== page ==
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Information » Money » Banks and Building Societies » Cheque Books



Cheque Books

  • A cheque book is a method of payment that you get with certain bank or building society accounts
  • The book consists of a number of payment slips (cheques) that allow you to pay for goods and services without handing over any cash
  • You will also need to show the cash or debit card assigned to the cheque book during the transaction/purchase
  • The amount you write on the cheque will then be taken out of your account
  • You must have enough money in your account to pay for the amount on the cheque or it will be refused or 'bounce'
  • Most accounts only offer cheque books to people over 18 but check with your bank or building society for their policy
  • When writing a cheque, make sure you fill in all the required spaces using a pen, not a pencil. This is to stop people altering what you have written. Also draw a line through any blank spaces on the cheque so people can’t add extra numbers or names, and add details (such as a reference or account number) to the payee line after you’ve written the name of the company if the cheque is written to an organisation, bank or building society. This makes sure the money ends up in the right place
  • If you make a mistake, destroy the cheque and write a new one
  • Don't forget to also complete the cheque stub. This will help you if the bank makes any mistakes and keep a record of how much you are spending
  • As with any payment method, it is very important to look after your cheque book, never let anyone borrow your cheque book or car

Paying money: you can pay anyone with a cheque, so long as they choose to accept it. Some businesses have decided not to accept cheques because there’s a bit of risk involved if the cheque bounces. The Cheque Card Guarantee Scheme – which used to offer retailers protection – was withdrawn in June 2011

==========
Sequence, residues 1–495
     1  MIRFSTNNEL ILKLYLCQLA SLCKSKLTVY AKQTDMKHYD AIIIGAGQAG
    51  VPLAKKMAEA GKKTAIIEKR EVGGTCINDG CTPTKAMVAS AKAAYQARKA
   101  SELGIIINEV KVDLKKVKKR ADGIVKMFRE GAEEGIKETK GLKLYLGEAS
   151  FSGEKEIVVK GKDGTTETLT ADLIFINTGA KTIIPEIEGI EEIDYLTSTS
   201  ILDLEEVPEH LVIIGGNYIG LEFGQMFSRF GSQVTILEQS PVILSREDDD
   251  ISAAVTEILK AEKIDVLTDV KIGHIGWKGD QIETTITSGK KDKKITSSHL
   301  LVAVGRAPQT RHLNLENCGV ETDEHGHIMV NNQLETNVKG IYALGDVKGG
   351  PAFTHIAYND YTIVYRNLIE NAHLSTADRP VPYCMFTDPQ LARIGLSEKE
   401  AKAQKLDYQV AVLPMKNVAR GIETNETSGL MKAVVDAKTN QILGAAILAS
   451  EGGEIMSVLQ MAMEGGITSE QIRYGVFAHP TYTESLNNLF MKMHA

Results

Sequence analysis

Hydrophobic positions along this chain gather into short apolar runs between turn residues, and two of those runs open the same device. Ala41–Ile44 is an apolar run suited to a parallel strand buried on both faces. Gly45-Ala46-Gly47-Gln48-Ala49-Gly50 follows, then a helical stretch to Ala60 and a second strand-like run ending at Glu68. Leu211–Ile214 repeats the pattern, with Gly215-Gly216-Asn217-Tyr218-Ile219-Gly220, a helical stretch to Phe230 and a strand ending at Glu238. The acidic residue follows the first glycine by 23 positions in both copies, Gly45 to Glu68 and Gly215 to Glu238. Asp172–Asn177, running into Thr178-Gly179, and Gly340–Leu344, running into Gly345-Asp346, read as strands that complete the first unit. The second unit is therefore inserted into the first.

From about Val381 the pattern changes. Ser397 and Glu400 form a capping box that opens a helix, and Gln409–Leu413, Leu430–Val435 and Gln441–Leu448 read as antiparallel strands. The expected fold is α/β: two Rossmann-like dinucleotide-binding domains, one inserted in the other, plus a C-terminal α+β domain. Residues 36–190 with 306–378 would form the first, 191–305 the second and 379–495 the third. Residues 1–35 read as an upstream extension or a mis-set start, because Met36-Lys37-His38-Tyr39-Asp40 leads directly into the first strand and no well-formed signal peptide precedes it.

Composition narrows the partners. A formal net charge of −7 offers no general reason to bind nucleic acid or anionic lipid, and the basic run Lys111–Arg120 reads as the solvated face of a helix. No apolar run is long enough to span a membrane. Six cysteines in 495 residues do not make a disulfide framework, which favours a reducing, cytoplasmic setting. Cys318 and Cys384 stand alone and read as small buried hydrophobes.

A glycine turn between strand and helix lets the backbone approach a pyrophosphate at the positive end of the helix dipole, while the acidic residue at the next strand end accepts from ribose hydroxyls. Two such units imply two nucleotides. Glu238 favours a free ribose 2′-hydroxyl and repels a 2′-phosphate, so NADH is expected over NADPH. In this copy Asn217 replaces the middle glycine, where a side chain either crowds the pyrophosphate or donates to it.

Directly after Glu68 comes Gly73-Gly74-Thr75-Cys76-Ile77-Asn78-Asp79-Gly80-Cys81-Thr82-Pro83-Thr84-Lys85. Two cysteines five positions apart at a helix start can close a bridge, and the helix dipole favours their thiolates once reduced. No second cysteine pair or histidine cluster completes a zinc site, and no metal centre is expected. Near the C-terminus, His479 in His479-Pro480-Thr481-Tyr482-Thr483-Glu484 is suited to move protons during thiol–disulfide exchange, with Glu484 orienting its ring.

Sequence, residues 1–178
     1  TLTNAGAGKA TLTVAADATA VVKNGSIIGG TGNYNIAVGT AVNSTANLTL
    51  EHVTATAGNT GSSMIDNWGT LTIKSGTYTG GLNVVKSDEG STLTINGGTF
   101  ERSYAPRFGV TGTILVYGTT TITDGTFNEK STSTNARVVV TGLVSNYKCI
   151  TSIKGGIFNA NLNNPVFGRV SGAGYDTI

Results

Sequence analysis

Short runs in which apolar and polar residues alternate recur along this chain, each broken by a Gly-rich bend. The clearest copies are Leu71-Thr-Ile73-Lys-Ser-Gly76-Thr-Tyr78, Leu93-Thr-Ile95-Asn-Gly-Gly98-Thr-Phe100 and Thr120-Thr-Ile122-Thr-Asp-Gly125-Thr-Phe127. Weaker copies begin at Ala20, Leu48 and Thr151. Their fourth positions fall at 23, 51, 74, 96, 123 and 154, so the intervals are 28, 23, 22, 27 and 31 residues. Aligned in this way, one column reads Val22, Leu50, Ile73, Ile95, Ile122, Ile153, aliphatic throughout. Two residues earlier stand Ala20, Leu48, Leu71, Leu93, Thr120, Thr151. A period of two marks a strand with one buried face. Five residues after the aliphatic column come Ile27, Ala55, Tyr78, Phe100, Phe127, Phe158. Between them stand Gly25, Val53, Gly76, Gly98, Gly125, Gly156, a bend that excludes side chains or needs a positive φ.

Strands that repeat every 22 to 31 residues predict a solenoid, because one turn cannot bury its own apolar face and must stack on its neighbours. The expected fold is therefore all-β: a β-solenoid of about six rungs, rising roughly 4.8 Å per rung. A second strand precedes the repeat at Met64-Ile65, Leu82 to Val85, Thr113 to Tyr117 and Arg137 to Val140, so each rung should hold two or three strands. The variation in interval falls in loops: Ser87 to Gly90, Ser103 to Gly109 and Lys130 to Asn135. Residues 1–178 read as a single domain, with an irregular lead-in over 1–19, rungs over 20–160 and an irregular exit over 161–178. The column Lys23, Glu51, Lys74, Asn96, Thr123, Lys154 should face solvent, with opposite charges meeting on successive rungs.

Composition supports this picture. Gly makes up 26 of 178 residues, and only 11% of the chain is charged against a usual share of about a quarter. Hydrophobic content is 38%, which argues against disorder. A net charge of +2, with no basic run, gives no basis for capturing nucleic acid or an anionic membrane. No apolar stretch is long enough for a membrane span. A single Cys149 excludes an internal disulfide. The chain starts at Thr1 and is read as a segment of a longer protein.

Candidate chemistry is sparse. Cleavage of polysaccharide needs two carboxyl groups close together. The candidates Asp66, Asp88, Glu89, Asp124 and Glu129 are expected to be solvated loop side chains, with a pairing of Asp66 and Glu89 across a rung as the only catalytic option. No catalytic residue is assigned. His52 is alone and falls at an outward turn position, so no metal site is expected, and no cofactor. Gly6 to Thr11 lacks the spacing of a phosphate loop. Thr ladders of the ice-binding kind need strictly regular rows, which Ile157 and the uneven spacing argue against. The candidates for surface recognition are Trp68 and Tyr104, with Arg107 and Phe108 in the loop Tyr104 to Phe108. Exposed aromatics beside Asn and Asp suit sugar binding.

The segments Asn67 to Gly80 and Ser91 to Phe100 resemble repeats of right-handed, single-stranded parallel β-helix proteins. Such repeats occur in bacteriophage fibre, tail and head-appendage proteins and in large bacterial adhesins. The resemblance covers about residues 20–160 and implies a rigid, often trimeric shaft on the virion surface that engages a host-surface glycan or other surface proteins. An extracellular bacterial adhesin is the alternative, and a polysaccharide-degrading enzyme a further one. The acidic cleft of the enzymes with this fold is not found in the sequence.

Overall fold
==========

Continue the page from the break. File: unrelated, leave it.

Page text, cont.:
Accepting money: if someone wants to pay you with a cheque, think carefully before you accept it. You should only accept cheques from people you trust, because if it turns out that the cheque is a fake, or the person doesn’t have enough money to pay it, it might be difficult to get hold of the money.

When you write a cheque, the money won’t leave your account until the person you give it to pays it into their bank or building society account – which could be up to six months later. Make sure you have enough money in your account to cover the value of the cheque until the person has paid it in and the money has been deducted.

The money usually leaves your account three working days after the person pays in your cheque. If you pay a cheque into your account, you’ll be able to use the money four working days later – but you won’t be sure the cheque has cleared (the money is really yours) until six working days after you’ve paid it in. If you use the money in the meantime, you may have to pay it back.

For more information on cheques and banker’s drafts, check this article from the Money Advice Service.

You can contact the Money Advice Service on 0300 500 5000 (or 0300 500 5555 for Welsh) Mon - Fri 8am-8pm, Sat 9am-1pm. There’s also an online chat function on their site.

You can contact Meic for free via online chat, text (84001) or phone (080880 23456).

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